The Greenbelt Board of Directors has announced that Kate Bowditch, who has served in leadership positions at the Charles River Watershed Association for almost 25 years, will become President of Greenbelt, Essex County’s Land Trust.
Bowditch, a published scientist and nationally-recognized expert in conservation, helped transform the Charles River from a heavily-polluted waterway to one of the cleanest urban rivers in the country.
“We are excited to have Kate bring her considerable gifts and skills to the work of Greenbelt – conserving farmland, wildlife habitat and scenic landscapes across Essex County,” said Philip Lake, Greenbelt Board Chair. “The ‘Greenbelt culture’ is important to us” he added, “and the Search Committee worked long and well to find someone who would be a good fit in addition to bringing the requisite professional qualifications. Kate is that person.”
In September, Bowditch will succeed Ed Becker, who built Greenbelt from a small, three-person organization to a groundbreaking, national leader in land conservation with a talented staff of fourteen professionals.
“I couldn’t be more excited about coming to Greenbelt,” said Bowditch. “I’m inspired by the people here, by the land and the water, and by the opportunity to work on critical conservation and stewardship projects across this diverse county.”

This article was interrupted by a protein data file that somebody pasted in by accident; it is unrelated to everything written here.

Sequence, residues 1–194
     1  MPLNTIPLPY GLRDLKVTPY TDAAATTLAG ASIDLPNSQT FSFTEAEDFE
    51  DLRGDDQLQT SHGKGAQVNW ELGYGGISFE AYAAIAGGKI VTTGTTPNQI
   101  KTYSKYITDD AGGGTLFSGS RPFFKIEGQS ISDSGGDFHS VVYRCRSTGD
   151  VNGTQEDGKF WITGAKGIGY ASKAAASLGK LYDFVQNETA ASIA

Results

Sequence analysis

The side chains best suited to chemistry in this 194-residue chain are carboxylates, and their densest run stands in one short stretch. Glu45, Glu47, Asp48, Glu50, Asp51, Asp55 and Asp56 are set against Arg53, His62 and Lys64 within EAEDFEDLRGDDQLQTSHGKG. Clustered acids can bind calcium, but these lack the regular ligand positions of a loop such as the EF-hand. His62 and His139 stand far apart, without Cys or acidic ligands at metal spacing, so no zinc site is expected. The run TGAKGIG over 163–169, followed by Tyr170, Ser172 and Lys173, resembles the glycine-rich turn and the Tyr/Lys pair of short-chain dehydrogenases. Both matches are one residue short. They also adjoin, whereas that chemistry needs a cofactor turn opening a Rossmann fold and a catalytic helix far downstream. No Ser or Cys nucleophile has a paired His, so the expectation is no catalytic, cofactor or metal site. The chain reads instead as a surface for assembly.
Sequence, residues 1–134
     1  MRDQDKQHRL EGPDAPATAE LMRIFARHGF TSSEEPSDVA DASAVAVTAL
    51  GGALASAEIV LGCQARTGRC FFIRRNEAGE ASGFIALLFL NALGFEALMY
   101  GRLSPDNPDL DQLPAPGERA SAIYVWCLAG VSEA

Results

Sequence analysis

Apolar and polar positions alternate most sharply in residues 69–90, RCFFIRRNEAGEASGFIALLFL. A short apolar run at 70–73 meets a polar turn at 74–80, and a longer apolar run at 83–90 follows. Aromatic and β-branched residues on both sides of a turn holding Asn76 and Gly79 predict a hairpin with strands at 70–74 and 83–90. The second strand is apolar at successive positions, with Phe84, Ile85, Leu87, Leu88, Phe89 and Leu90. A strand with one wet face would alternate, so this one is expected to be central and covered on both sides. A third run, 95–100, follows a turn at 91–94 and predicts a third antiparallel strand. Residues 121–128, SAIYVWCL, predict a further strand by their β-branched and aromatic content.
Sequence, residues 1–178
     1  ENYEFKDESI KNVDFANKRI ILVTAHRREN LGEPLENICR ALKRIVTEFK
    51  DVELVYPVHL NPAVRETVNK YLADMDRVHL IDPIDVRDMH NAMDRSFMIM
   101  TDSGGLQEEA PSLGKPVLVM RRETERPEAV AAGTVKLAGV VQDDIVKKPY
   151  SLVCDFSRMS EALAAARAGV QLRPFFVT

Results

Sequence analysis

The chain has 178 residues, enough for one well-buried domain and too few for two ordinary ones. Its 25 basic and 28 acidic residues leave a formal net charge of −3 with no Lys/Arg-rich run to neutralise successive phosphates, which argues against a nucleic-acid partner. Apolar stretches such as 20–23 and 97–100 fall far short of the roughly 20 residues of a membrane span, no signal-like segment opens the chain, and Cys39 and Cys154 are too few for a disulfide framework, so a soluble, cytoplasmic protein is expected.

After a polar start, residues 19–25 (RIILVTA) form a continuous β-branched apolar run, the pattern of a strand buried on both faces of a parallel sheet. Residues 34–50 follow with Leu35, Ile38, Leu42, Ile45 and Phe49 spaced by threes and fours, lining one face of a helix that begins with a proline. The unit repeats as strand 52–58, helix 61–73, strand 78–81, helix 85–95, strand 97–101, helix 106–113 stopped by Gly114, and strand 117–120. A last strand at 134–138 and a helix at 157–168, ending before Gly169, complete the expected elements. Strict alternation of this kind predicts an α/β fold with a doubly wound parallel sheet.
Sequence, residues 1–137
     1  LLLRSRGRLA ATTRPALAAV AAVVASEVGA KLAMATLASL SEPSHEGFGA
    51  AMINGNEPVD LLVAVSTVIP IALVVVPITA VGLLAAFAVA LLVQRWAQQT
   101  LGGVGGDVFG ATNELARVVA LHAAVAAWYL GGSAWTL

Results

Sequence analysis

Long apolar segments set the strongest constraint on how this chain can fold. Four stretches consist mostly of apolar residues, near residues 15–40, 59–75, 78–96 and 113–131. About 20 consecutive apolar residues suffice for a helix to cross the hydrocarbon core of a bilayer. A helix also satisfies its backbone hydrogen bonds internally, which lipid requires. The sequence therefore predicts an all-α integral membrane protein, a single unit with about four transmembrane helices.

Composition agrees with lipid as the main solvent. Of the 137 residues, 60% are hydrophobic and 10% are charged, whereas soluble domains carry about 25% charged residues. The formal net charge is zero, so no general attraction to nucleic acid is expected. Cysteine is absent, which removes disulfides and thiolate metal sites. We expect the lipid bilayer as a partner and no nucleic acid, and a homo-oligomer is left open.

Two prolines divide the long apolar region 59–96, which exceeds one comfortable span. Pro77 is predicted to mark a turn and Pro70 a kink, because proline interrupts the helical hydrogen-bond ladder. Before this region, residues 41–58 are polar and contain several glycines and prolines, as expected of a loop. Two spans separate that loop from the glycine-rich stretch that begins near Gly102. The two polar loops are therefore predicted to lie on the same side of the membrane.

Bowditch worked at the intersection of science and conservation at CRWA, leading efforts to improve the Charles River watershed and parklands in the 35 cities and towns through which it runs. She created CRWA’s Blue Cities Initiative, a planning approach that promotes the use of green infrastructure to restore natural hydrology to the urban environment. She has developed partnerships with Boston’s universities, and helped achieve success with complex projects such as the Charles River Gateway at the site of the old Medfield State Hospital. At different times, she led a team of six staff scientists, directed CRWA’s advocacy program, served as Director of Projects, Director of Philanthropy and Director of Stewardship.
As Chair of the Brookline Conservation Commission, Bowditch worked to create new parks, restore a sanctuary, and develop three open space plans.
“Greenbelt’s focus on getting people out into nature is particularly appealing to me, as is the role of conservation in building climate resiliency,” said Bowditch, whose background also includes teaching in Kenya and working with the International Commission for the protection of the Danube River in Europe. Most recently, she developed a partnership for river restoration in the Dominican Republic with funding from Riverprize, the world’s foremost award in river basin management.
“Kate’s exemplary record of experience and accomplishments is balanced with her personal gifts,” added Annie Madden, Chair of Greenbelt’s Search Committee. “She is warm, open, thoughtful and genuine, and I predict she will win the respect of the entire Greenbelt community and others across the county in no time at all.”